- The food is freaking fantastic. Hands down, best tacos, best burritos, best margaritas. Even the impromptu Korean meal we had in Monterrey was delicious. But be wary, the spice levels here are somethin’ else. You may pay for it after—don’t say I didn’t warn you.
We stayed at the most popular campground, La Posada. Here's another photo showing the communal hall (black building which includes a large kitchen, dining room, and upstairs living space) and the on-site restaurant, La Tradicion, on the left with the white roof.
You can research how good these facilities are, but what we loved most was the community. Many climbers stay here over the winter months to continue climbing and we had the privilege of meeting some incredible people, including Ian Lingley, a fellow Canadian from New Brunswick. He was familiar with some of the climbs we went on last summer near Saint John and he filled us in on a route he was bolting in EPC. It’s since been completed and aptly named Canadian Controversy.
To make your stay even better, we recommend the following things to add to your packing list. Some I hadn’t seen on other blogs and others I want to emphasize. Click here for my comprehensive list, complete with recommendations.
- Warm sleeping bag. I brought my 0°F/-18°C and I’m happy I did. Overkill? Perhaps, but it dropped to 4-6°C on a couple of nights and our friend Katy froze in her summer sleeping bag. Moritz was toasty in his 40°F/4°C sleeping bag and he also runs cold.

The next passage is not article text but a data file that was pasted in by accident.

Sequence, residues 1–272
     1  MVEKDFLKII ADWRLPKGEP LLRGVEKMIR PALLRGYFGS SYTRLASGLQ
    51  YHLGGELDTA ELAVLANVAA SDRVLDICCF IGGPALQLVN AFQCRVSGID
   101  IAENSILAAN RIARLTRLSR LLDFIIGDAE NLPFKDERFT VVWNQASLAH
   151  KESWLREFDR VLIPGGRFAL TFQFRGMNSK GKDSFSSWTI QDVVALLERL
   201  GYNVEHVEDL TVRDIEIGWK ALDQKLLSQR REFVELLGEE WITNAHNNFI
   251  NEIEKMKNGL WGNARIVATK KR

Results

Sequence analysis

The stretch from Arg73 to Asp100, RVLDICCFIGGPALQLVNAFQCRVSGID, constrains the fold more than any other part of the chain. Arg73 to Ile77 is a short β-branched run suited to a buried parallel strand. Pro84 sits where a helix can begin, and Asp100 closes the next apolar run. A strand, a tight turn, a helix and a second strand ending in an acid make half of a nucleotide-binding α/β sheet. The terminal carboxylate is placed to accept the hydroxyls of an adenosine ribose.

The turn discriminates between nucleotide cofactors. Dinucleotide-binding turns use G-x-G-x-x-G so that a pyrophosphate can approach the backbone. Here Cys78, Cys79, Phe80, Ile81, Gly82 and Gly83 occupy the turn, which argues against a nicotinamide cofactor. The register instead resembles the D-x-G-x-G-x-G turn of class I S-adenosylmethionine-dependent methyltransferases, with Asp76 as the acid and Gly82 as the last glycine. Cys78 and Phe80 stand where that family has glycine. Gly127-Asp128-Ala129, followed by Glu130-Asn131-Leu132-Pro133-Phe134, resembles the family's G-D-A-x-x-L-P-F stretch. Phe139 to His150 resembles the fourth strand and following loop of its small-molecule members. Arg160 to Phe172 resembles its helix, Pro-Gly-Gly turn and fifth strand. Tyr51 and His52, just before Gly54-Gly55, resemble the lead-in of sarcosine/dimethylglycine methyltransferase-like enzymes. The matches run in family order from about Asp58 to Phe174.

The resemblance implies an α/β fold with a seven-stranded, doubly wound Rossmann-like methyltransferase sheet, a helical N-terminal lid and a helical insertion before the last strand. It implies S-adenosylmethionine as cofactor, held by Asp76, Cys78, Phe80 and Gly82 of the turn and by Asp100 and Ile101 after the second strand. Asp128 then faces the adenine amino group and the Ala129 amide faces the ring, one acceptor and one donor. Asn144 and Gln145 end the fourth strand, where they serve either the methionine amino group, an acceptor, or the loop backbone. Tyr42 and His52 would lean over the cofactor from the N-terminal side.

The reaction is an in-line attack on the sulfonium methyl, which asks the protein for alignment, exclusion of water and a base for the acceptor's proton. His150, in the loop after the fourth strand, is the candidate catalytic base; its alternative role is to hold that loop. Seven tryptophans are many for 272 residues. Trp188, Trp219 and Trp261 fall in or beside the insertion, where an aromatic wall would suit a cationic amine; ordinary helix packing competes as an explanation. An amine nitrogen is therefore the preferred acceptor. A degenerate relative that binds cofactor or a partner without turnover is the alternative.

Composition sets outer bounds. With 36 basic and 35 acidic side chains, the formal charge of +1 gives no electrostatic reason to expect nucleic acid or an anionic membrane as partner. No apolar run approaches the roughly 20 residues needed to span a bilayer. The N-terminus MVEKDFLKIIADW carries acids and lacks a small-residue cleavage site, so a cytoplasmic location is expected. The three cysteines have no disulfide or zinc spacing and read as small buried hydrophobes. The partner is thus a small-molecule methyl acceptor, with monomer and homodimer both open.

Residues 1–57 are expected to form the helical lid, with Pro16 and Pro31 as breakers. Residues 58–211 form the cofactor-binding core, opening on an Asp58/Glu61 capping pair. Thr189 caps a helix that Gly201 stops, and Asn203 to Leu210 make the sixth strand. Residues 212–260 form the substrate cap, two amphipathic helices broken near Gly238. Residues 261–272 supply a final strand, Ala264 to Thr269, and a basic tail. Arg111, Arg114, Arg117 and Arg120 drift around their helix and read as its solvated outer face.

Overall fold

- Ear plugs. I forgot mine, but luckily, a friend had an extra pair. It’s not so much the people partying into the night, but the gargly rooster nearby that won’t shut up. He’s so loud you can hear him 7 pitches up on the mountain. Him and the trains that past through during the night.
- Kitchen towel. Theirs were gnarly and it wasn’t fun working with cold, wet hands in the kitchen.
- Bread. I remembered that Mexican bread sucked from my last trip to Playa del Carmen, so we brought our own. High maintenance, I know.
Key advice: go early to restaurants if you plan to eat out, around 6-7 pm. After that time, the kitchens start to either run out of food (e.g. Leo’s) or get completely slammed (e.g. La Tradicion). Otherwise, get groceries in Hidalgo and cook your own meals. If you spend 400 pesos or more, you get a free taxi back to your campground. Except if it's Tuesday. For some reason, we couldn't get a taxi back on Tuesday and ended up paying 70 pesos, which is not that bad.
Here are some of the places we went to and we encourage you to try them all!
- Checo’s - Our favourite. Hands down best taco, burrito, etc. that we had. It’s a bright orange building right across the street from La Posada—you can't miss it. It seems like they open whenever, so you might not be able to plan ahead. A full meal costs 90 pesos or CA$6.50.
- Taco stand on the side of the road towards the park—is this Taco Loco on Google Maps? Possibly, looks like they’ve upgraded from a shack to a proper building. Awesome tacos for 12 pesos (<CA$1.00) each. Great post-climb snack.
- La Tradicion - On-site restaurant at La Posada. Great food, great drinks. I particularly enjoyed their pancakes when we had a late start one day. Food averages 130 peos or CA$9.50, which is a tad pricey as I expect to pay much less for food in Mexico.
- Leo’s - Come here if you’re starving. All-you-can-eat buffet-style homemade traditional Mexican food for 150 pesos or CA$10.00. They have some vegan options, but double check that animal fat was not used.